HP puts Madison-powered workstation into pond
Ecosystem on edge
HP has added to its Itanium ecosystem with a new workstation running on a 1.4GHz version of Intel's 64bit chip.
The zx2000 is a single processor system built with design engineers in mind. It's available with Intel's third generation Itanium processor - Madison - at speeds of up to 1.4GHz and with 1.5MB of L3 cache. HP is using its own zx1 chipset and supporting HP-UX, Red Hat Linux and Microsoft Windows 64bit Edition with the new kit.
In the past, HP has mostly marketed Itanium-based workstations at software developers. The HP kit has been at the center of the porting grunt work needed to bring code over to Itanic's EPIC instruction set.
With a fair amount of porting work complete, HP is now presenting the workstations as engineer ready. The zx2000 is billed as a nice tool for MCAD (mechanical computer-aided design) and CAE (computer-aided engineering).
"This single-processor workstation is geared for design engineers working with large assemblies, complex models or sophisticated simulations - such as finite element analysis, crash testing or fluid dynamics," HP said.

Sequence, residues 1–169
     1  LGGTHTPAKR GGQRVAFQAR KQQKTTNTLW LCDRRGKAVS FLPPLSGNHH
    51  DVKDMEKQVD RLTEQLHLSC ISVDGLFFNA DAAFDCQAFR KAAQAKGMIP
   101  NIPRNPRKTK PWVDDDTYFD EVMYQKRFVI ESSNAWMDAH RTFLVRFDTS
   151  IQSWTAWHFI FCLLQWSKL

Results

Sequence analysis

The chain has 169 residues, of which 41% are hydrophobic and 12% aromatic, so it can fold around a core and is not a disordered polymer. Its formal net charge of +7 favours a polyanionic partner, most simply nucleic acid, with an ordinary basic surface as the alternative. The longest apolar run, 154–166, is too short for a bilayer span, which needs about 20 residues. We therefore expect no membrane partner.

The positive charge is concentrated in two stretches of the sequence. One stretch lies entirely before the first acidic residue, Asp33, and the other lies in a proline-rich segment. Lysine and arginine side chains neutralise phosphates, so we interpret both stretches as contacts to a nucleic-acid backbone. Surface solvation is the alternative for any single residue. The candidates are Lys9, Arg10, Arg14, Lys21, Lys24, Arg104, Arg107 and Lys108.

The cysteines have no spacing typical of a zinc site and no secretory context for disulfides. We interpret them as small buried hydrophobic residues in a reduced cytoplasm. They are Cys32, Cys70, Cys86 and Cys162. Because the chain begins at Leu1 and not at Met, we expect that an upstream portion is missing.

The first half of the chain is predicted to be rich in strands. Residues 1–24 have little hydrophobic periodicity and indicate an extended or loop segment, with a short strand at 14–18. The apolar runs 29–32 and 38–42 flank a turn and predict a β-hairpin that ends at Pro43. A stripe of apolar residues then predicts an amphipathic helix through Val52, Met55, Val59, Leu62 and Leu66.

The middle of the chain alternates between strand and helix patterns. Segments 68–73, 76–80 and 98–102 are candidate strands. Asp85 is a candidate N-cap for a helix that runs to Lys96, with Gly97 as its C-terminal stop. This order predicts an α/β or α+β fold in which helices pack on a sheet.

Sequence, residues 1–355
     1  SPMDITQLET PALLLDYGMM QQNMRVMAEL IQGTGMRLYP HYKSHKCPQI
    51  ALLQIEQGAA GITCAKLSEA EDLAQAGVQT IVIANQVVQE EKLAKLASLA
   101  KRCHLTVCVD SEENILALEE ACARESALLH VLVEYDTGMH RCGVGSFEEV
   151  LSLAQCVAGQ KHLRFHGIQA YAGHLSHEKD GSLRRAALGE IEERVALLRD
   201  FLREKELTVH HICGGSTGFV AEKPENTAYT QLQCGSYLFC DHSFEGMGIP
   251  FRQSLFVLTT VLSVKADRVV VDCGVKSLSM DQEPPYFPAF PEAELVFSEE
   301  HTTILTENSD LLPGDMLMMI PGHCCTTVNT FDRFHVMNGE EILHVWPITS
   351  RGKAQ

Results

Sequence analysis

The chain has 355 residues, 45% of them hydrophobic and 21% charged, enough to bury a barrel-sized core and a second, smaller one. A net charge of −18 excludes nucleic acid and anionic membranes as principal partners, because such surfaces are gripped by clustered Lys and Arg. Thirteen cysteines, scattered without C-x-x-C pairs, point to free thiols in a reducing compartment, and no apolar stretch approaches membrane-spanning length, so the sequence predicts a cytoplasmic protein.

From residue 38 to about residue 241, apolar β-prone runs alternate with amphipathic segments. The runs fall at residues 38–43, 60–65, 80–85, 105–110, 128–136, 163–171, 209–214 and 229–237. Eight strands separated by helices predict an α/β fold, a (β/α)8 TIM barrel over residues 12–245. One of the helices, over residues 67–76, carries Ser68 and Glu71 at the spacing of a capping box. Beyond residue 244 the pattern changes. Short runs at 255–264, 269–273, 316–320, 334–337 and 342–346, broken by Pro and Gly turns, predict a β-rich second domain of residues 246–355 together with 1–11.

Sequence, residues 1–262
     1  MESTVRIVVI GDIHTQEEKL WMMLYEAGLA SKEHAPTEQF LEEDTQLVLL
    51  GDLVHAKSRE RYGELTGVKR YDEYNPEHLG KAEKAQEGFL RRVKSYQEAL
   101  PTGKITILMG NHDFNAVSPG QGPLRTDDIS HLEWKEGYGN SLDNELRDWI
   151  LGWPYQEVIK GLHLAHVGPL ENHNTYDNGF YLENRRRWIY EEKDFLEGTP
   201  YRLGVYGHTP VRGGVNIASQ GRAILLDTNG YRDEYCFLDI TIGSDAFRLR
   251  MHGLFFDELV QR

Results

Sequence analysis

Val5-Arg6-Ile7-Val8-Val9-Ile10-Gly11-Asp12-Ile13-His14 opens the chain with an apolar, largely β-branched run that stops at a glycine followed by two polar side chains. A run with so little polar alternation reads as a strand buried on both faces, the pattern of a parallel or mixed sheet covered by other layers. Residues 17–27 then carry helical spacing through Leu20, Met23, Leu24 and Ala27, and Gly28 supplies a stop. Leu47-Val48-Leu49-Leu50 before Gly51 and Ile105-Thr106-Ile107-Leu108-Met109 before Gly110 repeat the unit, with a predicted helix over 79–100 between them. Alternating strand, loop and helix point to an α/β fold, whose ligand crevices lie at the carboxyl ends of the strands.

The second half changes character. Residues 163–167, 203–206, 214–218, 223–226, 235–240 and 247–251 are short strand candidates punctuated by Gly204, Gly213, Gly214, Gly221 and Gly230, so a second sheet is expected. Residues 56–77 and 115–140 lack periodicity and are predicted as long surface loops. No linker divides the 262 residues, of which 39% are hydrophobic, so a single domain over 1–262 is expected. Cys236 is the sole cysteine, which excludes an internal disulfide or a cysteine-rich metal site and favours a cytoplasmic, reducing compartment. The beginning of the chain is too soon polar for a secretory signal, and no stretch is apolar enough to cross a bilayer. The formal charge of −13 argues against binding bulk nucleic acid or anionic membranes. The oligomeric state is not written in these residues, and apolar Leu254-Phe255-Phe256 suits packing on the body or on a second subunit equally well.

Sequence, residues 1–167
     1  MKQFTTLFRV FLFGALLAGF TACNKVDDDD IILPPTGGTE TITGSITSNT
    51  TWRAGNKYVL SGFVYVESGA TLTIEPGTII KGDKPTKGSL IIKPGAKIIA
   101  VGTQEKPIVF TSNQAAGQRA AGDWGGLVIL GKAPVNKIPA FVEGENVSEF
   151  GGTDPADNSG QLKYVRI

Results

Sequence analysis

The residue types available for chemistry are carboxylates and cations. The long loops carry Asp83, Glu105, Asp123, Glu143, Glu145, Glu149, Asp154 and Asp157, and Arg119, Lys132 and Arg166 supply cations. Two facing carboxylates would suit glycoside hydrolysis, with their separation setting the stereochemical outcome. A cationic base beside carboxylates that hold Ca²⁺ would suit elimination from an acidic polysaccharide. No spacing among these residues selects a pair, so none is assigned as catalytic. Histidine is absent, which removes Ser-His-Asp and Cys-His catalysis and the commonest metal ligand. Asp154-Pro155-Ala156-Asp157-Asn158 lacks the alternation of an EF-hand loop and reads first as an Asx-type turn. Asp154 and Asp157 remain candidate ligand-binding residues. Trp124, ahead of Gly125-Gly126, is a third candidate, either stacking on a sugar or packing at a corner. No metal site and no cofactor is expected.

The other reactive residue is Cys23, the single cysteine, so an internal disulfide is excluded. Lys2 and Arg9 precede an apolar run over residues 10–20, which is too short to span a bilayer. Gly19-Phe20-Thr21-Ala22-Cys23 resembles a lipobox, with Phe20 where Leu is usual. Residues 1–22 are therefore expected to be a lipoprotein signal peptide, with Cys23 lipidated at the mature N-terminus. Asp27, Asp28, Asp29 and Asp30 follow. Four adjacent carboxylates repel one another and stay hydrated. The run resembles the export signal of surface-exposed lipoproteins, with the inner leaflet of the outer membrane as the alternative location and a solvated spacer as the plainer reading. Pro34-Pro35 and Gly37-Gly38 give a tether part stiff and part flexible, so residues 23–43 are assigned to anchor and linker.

The system, however, does face the same battle as any Itanium-based kit. Not too many customers are interested in it.
The second quarter numbers from IDC show that Itanic is still the slowest selling chip around. Only 3,250 Itanium servers were moved last quarter - 3,178 of which were sold by HP.
While billed as an industry standard, Itanium is looking more and more like a PA-RISC and Alpha replacement. The coalition of ISVs and hardware makers backing Itanium swear this is not the case, and that an Itanic "ecosystem" exists. If so, this is an ecosystem teetering on collapse. HP - the big bad predator - sits atop the food chain, swallowing up the investments of minnows such as SGI.
The zx2000 is available now with a phone call to HP but won't appear with 1.4GHz chips in the online store for another month. It will cost $6,734 with 2GB of RAM, 2 SCSI drives and an HP x1 graphics card. ®
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